Former mayor remembered for service to Mission

G.W. Harris was instrumental in starting up the Mission Foundation in 1987

Bill Harris

Bill Harris

One of Mission’s former mayors passed away recently, leaving a legacy of community service.

George William (Bill) Harris was born April 19, 1921 in Winnipeg, Man., and passed away April 12 at the Dr. Stuart Pavilion at Mission Memorial Hospital.

In his professional life before politics, Harris was involved in the credit union industry, said his daughter Geraldine Mapstone.

Harris was first elected to District of Mission council as an alderman in 1972, and became mayor in 1973, a post he held until 1979. He stepped away from municipal politics for a few years, and was then re-elected as councillor in 1984 and 1985 before permanently stepping down.

“He was easy to work with,” said former chief administrative officer Norm Cook. “He was always making Mission a better place. He cared about Mission.”

Cook remembers a direct man, but not rude, who was very active in developing the Norrish Creek water supply system that is still in use today.

However, it was his involvement with the Mission Foundation where he gained a majority of his local recognition.

Harris was one of the founders, alongside Cook, Gordon Ruley, John Weisgerber, Albert McMahon, and G.W. Walker. The non-profit charitable organization collects funds from donors and invests them, using the income to benefit the citizens of Mission in the fields of education, recreation, culture and the humanities.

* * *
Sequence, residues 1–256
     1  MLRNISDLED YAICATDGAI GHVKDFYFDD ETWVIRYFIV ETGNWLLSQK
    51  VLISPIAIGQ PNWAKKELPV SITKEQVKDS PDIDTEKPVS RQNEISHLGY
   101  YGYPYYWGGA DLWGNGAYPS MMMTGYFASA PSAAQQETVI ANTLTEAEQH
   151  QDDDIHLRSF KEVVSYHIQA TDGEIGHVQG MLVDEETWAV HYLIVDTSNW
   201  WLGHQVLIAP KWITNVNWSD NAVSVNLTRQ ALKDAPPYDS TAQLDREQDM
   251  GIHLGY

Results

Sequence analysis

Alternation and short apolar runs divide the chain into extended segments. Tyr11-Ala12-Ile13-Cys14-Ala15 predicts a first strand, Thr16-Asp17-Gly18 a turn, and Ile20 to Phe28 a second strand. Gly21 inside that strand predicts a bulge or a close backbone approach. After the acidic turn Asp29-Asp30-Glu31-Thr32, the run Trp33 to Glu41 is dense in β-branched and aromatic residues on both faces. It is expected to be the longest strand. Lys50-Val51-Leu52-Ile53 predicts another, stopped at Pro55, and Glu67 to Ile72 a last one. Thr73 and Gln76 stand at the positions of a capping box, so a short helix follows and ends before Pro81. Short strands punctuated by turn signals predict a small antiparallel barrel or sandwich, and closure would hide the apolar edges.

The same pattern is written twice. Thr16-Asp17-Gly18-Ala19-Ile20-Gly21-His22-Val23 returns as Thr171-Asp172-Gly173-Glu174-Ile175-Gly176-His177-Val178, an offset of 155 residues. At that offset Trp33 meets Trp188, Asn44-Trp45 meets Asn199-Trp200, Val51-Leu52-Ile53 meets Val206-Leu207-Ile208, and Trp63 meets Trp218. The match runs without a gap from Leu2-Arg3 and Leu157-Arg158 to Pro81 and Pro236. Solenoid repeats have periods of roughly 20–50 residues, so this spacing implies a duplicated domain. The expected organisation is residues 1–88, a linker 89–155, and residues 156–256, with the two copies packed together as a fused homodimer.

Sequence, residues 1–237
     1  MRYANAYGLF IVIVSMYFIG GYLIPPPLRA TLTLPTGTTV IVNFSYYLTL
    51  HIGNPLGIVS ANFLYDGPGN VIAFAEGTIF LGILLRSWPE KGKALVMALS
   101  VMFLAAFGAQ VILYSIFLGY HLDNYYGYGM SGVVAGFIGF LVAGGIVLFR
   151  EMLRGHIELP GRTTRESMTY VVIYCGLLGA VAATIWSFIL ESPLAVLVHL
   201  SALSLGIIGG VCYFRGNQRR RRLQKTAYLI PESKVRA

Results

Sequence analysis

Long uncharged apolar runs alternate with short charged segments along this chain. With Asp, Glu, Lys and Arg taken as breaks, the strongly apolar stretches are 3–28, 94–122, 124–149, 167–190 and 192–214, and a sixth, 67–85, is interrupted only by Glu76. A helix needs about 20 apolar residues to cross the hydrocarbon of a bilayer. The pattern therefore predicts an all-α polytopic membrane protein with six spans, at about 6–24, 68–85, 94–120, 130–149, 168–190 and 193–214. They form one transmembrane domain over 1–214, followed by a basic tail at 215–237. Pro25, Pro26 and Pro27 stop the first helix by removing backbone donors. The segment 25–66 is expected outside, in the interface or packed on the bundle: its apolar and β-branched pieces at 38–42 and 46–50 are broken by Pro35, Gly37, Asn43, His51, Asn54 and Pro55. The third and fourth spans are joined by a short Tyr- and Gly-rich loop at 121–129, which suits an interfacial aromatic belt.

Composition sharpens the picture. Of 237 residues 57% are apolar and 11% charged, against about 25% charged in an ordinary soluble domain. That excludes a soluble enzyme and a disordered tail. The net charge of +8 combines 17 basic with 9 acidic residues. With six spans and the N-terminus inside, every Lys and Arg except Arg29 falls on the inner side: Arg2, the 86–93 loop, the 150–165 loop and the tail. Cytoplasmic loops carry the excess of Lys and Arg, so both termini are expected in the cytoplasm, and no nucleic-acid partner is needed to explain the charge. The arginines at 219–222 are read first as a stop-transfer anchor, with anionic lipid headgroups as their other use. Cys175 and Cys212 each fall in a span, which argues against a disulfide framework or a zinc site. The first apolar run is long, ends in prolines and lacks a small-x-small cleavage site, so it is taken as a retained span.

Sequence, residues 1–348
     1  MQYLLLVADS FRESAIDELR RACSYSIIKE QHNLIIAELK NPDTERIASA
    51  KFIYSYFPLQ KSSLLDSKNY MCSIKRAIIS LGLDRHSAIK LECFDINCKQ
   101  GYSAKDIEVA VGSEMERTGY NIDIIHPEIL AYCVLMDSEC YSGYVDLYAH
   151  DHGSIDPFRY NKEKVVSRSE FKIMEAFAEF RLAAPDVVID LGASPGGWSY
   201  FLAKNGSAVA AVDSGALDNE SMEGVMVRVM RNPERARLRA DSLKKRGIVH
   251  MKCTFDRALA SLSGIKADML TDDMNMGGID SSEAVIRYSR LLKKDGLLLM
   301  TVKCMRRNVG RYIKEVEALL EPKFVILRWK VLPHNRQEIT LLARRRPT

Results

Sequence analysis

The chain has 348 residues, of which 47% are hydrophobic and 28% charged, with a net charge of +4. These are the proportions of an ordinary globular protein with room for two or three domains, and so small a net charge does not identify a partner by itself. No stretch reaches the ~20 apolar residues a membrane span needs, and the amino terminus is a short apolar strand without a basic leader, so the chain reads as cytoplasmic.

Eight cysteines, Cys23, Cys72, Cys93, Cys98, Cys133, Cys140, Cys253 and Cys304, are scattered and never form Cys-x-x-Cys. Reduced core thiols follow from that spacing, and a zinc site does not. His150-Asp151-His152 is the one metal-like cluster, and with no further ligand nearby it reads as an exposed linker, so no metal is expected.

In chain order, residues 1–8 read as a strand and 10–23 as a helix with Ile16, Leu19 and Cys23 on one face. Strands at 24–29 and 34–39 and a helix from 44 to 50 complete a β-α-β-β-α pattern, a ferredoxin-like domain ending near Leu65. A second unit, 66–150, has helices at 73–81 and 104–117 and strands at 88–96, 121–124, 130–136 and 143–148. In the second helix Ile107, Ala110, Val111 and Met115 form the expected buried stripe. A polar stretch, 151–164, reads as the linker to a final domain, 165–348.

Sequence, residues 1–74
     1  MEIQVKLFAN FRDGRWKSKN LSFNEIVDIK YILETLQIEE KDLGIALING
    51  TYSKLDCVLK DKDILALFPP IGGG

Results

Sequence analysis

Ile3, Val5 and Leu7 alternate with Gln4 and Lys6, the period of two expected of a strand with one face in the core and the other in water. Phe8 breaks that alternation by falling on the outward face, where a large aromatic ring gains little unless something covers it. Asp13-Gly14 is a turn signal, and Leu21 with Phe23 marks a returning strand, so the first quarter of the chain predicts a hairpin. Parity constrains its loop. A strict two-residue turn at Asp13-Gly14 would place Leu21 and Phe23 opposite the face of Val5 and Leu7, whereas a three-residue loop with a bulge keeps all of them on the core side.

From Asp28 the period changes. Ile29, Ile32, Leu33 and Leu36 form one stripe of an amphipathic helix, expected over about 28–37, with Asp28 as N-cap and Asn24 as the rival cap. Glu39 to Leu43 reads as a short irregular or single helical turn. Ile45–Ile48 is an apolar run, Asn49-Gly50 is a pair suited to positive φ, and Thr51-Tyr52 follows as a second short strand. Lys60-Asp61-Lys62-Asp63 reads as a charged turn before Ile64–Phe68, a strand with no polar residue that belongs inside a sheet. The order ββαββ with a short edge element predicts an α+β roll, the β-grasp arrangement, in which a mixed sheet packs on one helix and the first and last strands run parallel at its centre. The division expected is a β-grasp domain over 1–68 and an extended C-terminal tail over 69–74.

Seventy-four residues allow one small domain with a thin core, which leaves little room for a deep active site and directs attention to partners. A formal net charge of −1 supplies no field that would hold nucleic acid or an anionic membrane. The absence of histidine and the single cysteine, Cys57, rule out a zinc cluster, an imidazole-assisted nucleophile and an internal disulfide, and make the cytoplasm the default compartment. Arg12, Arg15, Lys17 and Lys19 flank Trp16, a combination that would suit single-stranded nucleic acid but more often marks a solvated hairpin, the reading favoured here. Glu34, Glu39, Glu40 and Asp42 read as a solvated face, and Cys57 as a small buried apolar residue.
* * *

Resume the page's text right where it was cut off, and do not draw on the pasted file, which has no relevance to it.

Foundation director Peter Robson first met Harris in 1962 when the newly arrived doctor started playing in a regularly held poker game on North Railway Avenue that was started by Harris and a few others in 1948.

They gathered every second Friday, and the maximum bets never exceeded 15 cents, recalled Robson, who played for 32 years.

“Bill was notorious as a poker player,” he remembered with a laugh. “He played good and bad hands. But he was a gentleman. He was quiet and he considered every position. He would disagree with you, but not rudely.

“I liked him. He was a nice man.”

Don Calnek, another regular on the foundation’s board of directors, said Harris brought him into the organization in 1994.

“I always found Bill to be a humble sort of character. You had to respect him just because there was absolutely no subterfuge in the background. He definitely had a heart for the people of the district.”

At his request, no service was held, and any donations were asked to be made to the Mission Community Foundation. To contact them, call 604-826-5322 or visit www.missioncommunityfoundation.org.

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